This post: 6 Types of Procrastinators: Which One is Your Teen (and How to Help Them Get Moving!)
Co-Written by: Marybeth Bock & Nancy Reynolds
It’s one of the biggest pet peeves of parents of teens – the amount of time their kid spends dragging their feet and procrastinating.
“My son has a huge science project due in a few days. The teacher assigned it a month ago and he hasn’t even started yet. I’ve tried everything to get him moving and all I get is… ‘Geeeez, mom. You worry too much! I SAID I’d get it done.’”
If this sounds familiar and you’re at your wits end with your teen constantly putting off assignments, tasks, and chores until the last possible minute, you’re definitely not alone.
According to National University, 86% of high school students procrastinate on assignments on a regular basis and procrastination impacts nearly all students K-12 through college to some degree. And, all that procrastination in school often carries over to other areas of their lives.
As parents, we can’t help but “get it.” Far too many teens are overscheduled, overtired, and overwhelmed so when it comes time to buckle down and check something off their to-do list, the stress gets to them and they end up putting it off.
But sometimes, it’s not the stress of life that triggers our kids to drag their feet when they should be putting the pedal to the medal. It turns out, according to Life Hack, there are actually different types of procrastinators. Once you identify which type of procrastinator your teen is, you can dive in and help them put an end to shuffling their feet.
6 Types of Procrastinators: Which One is Your Teen (and How to Help Them Get Moving!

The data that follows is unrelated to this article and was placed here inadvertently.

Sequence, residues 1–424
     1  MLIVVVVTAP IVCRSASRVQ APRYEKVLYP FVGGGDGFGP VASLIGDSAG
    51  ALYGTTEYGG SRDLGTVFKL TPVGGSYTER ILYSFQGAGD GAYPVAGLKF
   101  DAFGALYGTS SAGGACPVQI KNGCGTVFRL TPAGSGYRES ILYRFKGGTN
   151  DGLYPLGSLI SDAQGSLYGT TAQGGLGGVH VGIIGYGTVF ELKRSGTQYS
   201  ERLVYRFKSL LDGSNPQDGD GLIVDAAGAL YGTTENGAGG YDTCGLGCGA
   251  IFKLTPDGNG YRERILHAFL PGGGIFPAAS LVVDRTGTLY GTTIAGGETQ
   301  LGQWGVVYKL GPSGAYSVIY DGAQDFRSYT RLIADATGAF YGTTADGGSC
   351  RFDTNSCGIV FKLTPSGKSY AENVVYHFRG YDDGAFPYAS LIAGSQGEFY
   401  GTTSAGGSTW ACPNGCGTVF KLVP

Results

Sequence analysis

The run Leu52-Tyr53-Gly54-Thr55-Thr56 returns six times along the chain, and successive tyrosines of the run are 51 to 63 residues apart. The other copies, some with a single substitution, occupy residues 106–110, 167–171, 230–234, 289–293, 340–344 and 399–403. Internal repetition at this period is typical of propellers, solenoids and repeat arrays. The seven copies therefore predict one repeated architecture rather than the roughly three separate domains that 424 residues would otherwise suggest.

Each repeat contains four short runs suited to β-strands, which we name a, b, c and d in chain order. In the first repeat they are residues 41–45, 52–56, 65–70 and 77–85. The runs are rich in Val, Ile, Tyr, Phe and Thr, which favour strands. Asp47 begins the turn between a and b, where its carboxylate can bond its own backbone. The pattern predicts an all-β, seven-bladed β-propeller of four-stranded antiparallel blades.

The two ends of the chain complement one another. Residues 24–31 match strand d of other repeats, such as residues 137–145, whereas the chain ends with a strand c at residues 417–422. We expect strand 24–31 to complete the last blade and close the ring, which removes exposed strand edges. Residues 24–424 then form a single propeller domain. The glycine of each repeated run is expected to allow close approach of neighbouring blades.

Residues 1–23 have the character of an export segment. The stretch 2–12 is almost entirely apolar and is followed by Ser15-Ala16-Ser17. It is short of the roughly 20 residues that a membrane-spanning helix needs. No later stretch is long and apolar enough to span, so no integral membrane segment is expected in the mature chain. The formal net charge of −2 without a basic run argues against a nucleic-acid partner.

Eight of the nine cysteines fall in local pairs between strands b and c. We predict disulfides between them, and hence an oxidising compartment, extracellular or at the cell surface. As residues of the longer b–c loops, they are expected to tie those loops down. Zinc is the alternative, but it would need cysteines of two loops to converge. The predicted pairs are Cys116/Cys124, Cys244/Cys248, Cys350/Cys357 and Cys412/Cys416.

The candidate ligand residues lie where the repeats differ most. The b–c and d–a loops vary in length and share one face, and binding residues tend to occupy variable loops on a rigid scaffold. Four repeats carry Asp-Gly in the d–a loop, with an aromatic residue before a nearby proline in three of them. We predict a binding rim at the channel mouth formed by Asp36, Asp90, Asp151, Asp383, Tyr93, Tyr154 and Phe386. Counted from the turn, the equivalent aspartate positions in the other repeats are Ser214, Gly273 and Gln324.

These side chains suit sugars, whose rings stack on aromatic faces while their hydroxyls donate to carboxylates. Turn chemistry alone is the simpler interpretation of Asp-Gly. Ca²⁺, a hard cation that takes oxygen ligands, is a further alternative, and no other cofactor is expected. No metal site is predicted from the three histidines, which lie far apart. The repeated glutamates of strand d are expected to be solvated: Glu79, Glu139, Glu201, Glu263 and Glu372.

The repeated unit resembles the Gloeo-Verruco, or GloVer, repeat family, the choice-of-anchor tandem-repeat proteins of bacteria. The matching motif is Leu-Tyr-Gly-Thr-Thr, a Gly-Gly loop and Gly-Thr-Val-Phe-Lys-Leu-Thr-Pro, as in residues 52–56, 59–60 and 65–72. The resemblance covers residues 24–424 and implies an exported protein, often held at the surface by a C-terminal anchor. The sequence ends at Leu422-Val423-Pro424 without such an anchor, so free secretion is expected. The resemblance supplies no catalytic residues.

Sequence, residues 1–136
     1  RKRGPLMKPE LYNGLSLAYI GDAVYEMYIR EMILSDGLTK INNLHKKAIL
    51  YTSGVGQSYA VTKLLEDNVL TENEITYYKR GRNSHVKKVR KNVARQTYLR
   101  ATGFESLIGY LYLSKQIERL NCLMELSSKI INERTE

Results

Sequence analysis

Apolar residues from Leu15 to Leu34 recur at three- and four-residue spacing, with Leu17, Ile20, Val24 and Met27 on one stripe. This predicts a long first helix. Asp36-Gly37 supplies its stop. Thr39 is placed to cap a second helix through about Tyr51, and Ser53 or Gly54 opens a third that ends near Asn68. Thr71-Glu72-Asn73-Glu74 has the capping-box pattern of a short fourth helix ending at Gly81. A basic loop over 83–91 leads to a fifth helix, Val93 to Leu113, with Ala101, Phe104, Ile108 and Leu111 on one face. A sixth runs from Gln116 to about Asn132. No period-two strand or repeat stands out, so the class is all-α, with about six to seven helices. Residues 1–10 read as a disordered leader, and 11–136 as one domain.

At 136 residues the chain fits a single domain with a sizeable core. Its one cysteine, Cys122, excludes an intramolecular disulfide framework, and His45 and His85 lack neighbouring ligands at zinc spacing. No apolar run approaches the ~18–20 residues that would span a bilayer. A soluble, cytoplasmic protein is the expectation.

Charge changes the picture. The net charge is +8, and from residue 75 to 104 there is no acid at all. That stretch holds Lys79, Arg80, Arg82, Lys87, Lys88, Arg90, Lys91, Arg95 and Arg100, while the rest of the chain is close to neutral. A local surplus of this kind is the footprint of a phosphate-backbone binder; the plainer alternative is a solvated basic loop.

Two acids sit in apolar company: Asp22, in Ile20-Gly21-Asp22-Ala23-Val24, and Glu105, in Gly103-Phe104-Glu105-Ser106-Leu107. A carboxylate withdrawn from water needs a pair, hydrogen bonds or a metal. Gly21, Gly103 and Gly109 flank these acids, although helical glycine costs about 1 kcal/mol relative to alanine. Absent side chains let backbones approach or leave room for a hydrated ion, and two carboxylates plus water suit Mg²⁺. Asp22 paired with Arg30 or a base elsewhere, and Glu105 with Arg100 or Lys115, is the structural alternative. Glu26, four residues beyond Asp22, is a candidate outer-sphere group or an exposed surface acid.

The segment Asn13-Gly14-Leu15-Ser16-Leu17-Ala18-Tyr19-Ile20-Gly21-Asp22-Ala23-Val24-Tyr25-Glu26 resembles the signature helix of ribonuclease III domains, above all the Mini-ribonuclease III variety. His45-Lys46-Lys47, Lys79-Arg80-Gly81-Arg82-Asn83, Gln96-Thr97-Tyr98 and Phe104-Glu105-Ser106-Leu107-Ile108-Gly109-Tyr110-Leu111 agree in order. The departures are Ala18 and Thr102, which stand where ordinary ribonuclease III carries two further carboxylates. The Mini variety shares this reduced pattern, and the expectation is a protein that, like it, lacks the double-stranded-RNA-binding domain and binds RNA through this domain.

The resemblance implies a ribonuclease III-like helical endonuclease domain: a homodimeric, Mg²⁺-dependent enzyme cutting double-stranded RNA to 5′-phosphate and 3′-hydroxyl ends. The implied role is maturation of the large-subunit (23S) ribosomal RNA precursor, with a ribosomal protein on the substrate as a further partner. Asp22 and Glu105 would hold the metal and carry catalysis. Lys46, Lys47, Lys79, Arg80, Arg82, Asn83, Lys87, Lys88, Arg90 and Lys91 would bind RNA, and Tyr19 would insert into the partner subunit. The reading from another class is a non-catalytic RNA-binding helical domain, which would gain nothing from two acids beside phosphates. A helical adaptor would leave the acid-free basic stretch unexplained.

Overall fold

1. The Distracted
Distracted Procrastinators habitually let what’s happening around them derail their effort to focus and get things done.
Of all the types of procrastinators, this might be the one that plagues teens the most. Notifications on their phone, texts from friends, the urge to check out the latest TikTok videos, or see what their friends are up to on Instagram can be all too tempting for teens which can make staying on track with any task challenging.
How to Help a Distracted:
It all boils down to removing the distractions that are holding them back. More often than not, it’s their phone, but other things can be a distraction as well, including a noisy or messy environment, a barking dog, an uncomfortable homework environment, etc.
To avoid distractions, your teen needs a game plan. Maybe that means heading to the library, silencing their phone (or putting it in another room), or putting a “Do Not Disturb” sign on their bedroom door. Also, a great way to tune everything out is to tune into music. Experts say, music not only helps with concentration, it can also be a big stress reliever.
2. The Perfectionist
Perfectionists set unrealistically high standards for themselves often spending too much time agonizing over minor details to get everything just right.